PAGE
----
MU serves as starting line for Briggs and Al’s run

The+45th+Briggs+and+Als+run+took+place+Sept.+17.

Photo by Tim Littau

The 45th Briggs and Al’s run took place Sept. 17.

The Briggs and Al’s run was started 45 years ago by former Marquette University men’s basketball head coach, Al McGuire. Today, Marquette is still involved in the event and offers their campus up to be the starting line for the race.

“He [Al McGuire] wanted to give back to Children’s [Wisconsin] … so now we’re really excited that we can still be on the campus of Marquette,” Christine Baranoucky, vice president for engagement and stewardship at Children’s Wisconsin, said.

Peggy Troy, a Marquette alum and current president and CEO at Children’s Wisconsin, said she is really grateful to Marquette for allowing the university to host it throughout the years.

“I get the opportunity to interact with Marquette, and it’s such a strong relationship- many of the graduates of Marquette end up working at Children’s, so we’re grateful for that because we’re always really appreciative of the education Marquette provides, just to be the difference, and you want to be the difference in kids lives,” Troy said.

The Briggs and Al’s Run and Walk for Children’s Wisconsin was held Sept. 17. Over 8,000 participants gathered on Wisconsin Avenue to support the hospital and patients.

This year, Baranoucky said there were a record number of Children’s Champions at the event, with over 1,700. Children’s Champions are children who are either former patients or current patients at Children’s Wisconsin.

“In the past, we’ve had about 1,000, so this year it’s really going to be amazing to see all of those orange shirts on Wisconsin Avenue,” Baranoucky said.

Baranoucky said the event helps Children’s Wisconsin raise money for treatment that isn’t covered by insurance and isn’t covered by Medicaid. It supports their research, their advocacy, pet therapy, art therapy and more.

“[It goes towards] all the things that make us special and allow kids to be kids when they’re under our care,” Baranoucky said.

The event normally raises nearly $1 million annually. Baranoucky said that in their 44 years, they have raised over $21 million.

In previous years, the run had to be conducted virtually due to the COVID-19 pandemic, but this year, Troy said it’s exciting to be back.

“To see the 8,000 plus people come back today is really exciting,” Troy said.

Baranoucky said her favorite part about the event is seeing all of the patient families and community supporters come together in support of Children’s Wisconsin.

“That’s the purpose of this whole event: to bring the families and the community together and rally and support Children’s Wisconsin, so you can’t really do that virtually, so it’s just going to be nice to have everyone on Wisconsin Avenue supporting,” Baranoucky said.

Troy said Children’s Wisconsin is appreciative for all of Marquette’s help with the event.

Troy also said she’s grateful for basketball coaches Shaka Smart and Megan Duffy and their players who came out to the run. She said that the kids look up to the players and love seeing them.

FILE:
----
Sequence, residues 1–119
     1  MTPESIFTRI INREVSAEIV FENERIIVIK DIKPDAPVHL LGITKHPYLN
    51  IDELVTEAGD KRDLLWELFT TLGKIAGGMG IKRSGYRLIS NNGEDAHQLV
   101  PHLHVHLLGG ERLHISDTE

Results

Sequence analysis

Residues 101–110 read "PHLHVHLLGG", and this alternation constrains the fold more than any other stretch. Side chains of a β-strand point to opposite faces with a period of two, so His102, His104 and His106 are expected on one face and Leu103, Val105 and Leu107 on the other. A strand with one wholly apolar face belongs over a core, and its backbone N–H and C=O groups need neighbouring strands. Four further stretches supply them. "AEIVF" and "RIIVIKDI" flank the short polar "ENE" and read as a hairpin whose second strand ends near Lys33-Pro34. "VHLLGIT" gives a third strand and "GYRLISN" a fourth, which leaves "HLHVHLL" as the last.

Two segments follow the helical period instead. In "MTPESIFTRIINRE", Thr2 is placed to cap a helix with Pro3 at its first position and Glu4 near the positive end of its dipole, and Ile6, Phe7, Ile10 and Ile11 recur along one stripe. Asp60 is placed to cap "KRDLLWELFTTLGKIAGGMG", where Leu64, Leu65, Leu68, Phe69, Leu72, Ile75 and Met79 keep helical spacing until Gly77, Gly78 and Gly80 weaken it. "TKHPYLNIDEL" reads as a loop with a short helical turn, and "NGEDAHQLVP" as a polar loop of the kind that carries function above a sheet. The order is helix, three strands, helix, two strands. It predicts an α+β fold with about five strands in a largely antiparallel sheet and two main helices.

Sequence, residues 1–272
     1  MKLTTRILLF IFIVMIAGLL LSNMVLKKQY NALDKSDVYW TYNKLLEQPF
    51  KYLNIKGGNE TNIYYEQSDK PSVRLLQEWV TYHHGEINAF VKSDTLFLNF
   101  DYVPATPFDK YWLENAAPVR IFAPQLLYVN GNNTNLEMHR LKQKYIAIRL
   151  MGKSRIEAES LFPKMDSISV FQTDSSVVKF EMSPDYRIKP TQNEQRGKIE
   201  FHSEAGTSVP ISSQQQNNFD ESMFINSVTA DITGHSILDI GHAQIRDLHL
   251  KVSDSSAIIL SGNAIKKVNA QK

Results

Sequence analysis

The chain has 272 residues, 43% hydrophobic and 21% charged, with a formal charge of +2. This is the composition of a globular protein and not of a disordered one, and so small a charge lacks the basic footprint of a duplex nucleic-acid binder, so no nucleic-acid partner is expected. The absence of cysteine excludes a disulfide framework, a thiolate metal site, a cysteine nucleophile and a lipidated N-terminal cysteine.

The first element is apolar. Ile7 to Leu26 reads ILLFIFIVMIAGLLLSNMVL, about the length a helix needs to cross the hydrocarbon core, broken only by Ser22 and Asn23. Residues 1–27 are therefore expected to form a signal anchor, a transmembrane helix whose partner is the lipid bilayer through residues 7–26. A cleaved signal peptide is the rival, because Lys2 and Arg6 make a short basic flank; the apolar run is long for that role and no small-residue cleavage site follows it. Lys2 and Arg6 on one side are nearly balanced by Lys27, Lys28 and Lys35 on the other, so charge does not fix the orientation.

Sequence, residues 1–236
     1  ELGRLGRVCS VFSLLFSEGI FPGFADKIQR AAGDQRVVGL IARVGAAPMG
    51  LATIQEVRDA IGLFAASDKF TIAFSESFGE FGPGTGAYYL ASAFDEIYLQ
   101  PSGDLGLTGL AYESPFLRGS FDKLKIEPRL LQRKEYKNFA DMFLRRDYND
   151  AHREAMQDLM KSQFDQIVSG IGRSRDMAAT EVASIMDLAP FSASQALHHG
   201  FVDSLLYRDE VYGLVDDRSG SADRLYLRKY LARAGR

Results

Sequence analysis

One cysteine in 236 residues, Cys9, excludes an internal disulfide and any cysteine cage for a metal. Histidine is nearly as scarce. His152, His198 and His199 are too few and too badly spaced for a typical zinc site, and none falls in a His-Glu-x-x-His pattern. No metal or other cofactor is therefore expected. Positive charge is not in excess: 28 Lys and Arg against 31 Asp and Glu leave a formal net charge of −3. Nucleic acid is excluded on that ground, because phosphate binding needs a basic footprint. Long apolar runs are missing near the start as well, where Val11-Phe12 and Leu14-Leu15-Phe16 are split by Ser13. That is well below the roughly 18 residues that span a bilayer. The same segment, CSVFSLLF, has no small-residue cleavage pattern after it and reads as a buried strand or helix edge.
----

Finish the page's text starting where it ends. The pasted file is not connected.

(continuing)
“The most touching part about the day to me is just to see the 8,000 people, the 1,700 kids, the support for what we do because our work is hard,” Troy said. “It’s so fun to see the families because they’ve had experiences in the hospital, and they can come back and really help us do what we do.”

Emil Neidinger, a Slinger Wisconsin resident and participant of the Briggs and Al’s run, has participated in the event for the past 45 years. He showed up wearing the original t-shirt from the first ever Briggs and Al’s Run that was signed by Al McGuire 10 years later.

“[I] didn’t plan on being in 45 events, but once I started and got up around 15 or so, then it’s like ‘oh no I’m going to do it every year now from here on in no matter what,'” Neidinger said. “This year I’m walking it … I just can’t do it running, so I’ll walk it, but I’m here.”

Members from the Marquette running club were also present at the event. Zachary Swanson, a senior in the College of Engineering and president of the running club, said there were about 20 members participating in the 8k.

“It’s not something just for Milwaukee or Marquette; it brings kind of both communities together,” Swanson said. “I would say, my best part was right on the starting line because it starts right outside the Church of Gesu, so it shows you just how much it means to the Marquette community, and how much Marquette means to Milwaukee.”

Troy said that the most exciting part of the event is watching the families and loyal individuals cross the finish line. She said that it warms her heart to see all of the support for Children’s Wisconsin.

“There’s lots of other families … that might be going through a tough situation and there’s that unity sense that people are all in this together,” Baranoucky said. “There’s a lot of families that they meet each other and they talk about their experience … There’s just so much community building that happens today.”

Timothy Littau contributed to this report.

This story was written by Julia Abuzzahab. She can be reached at [email protected]